The AP 15s – Ways Forward

  • +1

News of three important signings prompts me to start plotting possible routes into the future of the Premier 15s.

Alev Kelter, quite possibly America’s greatest player, joins Sarries; Gabby Senft (Canada) and Hope Rogers (USA) have signed on at Exeter.

They add a few more knots to the heavy thinking the RFU has to do about the future of elite women’s club rugby. In fact they have probably been burning the midnight oil for a long while now. Fitting it out in its new suit for next year won’t be easy. They are due to debate the issues this month.

The signings touch on at least two central issues, Levelling up Standards, and my favourite, Where do Clubs find their Players?

Levelling up Standards

There is no doubt that the alterations the RFU made between the three-year cycles 1 and 2 in 2020 have raised standards. At the same time there are glimpses of a levelling up between the ten clubs.

A comparison: at the New Year of the 2017-18 season the top two clubs (Sarries and Quins) had lost one game between them; this season the top two (Sarries and Bristol) have lost four (both seasons suffered a few postponements). The gap between first and sixth in 2018 was 23 points; this season only 12.

But the news of those signings only adds to disquiet about the inequalities of the league. Do Sarries really need another international centre? They already have Alysha Corrigan, Cara Wardle, Chantelle Miell , Ella Wyrwas, Hannah Casey, Holly Aitchison, Lotte Clapp, Rachel Laqeretabua, Sarah McKenna, Zoe Harrison et al to solve their problems out behind. How many more points would they have scored against DMPDS last weekend (104-0) with Kelter next to unstoppable in the centre?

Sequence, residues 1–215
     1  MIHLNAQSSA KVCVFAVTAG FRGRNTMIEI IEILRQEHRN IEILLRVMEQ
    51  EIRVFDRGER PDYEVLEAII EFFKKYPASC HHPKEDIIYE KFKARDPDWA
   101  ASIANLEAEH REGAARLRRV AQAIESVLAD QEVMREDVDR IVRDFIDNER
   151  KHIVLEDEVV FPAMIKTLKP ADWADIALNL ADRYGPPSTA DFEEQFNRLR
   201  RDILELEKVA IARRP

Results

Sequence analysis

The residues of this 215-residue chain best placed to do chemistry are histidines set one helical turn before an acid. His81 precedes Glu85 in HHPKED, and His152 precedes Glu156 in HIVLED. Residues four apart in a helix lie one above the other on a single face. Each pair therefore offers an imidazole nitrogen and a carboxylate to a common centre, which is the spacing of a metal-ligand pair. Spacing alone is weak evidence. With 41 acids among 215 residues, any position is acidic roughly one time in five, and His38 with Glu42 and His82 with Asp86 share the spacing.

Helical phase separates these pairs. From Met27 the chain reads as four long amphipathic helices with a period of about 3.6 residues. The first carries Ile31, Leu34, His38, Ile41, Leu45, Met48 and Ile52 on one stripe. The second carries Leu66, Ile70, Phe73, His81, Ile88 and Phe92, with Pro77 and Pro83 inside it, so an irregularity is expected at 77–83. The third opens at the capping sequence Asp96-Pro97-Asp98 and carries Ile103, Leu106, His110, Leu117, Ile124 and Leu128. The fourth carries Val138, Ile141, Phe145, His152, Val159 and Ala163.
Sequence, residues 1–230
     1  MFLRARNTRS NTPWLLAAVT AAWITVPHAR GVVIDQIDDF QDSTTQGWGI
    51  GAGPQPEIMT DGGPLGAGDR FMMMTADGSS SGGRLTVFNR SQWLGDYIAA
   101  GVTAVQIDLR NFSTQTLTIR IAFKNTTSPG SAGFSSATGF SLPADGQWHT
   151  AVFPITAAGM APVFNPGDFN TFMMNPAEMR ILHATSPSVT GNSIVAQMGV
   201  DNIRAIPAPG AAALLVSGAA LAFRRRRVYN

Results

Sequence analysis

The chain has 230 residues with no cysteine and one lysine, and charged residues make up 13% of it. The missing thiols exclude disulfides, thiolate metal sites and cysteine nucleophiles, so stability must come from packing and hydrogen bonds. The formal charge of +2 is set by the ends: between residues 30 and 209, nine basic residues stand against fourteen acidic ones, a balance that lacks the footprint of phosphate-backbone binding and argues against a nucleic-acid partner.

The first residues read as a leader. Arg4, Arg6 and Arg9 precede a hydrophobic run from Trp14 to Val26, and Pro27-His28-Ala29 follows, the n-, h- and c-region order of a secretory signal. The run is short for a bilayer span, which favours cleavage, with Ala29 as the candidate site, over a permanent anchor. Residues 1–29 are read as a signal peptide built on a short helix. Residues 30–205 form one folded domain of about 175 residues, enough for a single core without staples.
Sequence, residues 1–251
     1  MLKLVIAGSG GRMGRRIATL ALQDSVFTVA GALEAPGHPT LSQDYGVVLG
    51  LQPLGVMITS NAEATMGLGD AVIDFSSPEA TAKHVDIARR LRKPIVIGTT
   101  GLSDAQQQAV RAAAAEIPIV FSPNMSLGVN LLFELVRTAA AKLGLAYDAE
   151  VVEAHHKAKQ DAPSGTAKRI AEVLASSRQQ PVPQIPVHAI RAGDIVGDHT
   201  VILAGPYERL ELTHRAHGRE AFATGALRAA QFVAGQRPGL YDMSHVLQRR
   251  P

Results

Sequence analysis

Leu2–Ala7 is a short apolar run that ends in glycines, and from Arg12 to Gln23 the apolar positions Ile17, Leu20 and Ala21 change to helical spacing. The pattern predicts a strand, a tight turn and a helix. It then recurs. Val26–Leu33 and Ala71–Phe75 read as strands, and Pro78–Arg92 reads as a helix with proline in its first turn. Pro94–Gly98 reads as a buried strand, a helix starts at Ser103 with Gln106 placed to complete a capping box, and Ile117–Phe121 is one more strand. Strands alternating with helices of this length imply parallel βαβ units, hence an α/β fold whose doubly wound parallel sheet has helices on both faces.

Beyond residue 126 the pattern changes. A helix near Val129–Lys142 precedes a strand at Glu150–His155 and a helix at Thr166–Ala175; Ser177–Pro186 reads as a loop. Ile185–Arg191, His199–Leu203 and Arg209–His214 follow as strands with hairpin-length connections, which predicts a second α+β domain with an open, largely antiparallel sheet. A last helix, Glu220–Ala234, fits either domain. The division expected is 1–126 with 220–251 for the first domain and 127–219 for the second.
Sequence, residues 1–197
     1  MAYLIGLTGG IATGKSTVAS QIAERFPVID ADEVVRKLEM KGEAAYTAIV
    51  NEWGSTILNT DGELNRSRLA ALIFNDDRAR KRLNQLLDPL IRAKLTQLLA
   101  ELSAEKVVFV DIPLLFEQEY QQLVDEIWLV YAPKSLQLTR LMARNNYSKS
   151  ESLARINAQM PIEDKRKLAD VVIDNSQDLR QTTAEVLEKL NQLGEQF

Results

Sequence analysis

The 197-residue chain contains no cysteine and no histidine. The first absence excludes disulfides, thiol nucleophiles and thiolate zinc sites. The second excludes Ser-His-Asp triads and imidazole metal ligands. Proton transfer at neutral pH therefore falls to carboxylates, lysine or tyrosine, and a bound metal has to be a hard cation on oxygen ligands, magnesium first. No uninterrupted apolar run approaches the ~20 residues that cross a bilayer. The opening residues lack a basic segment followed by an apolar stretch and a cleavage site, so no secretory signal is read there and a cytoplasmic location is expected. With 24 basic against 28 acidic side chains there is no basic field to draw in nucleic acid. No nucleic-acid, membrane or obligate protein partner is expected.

Exeter have added two more overseas players to their roster. That makes eleven North American players. Susie Appleby commented: ‘We’re ready to support them both (Rogers and Senft) as they prepare for the world cup’. Whether it’s in the interests of the English to support the efforts of other nations like this is an open question.

Imagine the AP 15s being run by a benevolent dictator. Then you could be sure that all three players would have been sent north to DMPDS, no questions asked. That would be meaningful levelling-up.

The RFU is not the only organisation finding this laudable aim hard to achieve. Sarries and Exeter have clout, and that impacts directly on the problem. All ten managements are intent on finishing as high as possible in the league, a final-four position the minimum. But only a very few can attract top talent at a moment’s notice.

Where do the clubs find their players?

For the moment I’ll leave aside the question of likely applicant clubs (Bath, London Irish, etc).

Exeter set the pattern of looking abroad for their squad. Their secondary aim was to build up local strength through an academy and links to nearby tertiary colleges. But the addition of yet more overseas players begs the question: when does the process stop?

The latest version of their starting 15 (Round 10) contained precisely three England-qualified players: Merryn Doidge, Flo Robinson and Poppy Leitch. In a fanciful moment you could imagine Leitch losing her place in the back row to Senft, to build a completely non-English pack.

That’s where Tony Rowe’s millions and his benevolent attitude toward women’s rugby can get you.

Sarries too keep mopping up top-quality players in their quest for glory. Will Quins feel the need to follow suit? What does our benevolent dictator say about that? It’s a nice boost to England’s ego to find so many overseas players wanting to join in, but the ultimate purpose of the Prem 15s was to raise English standards, and specifically the Red Roses.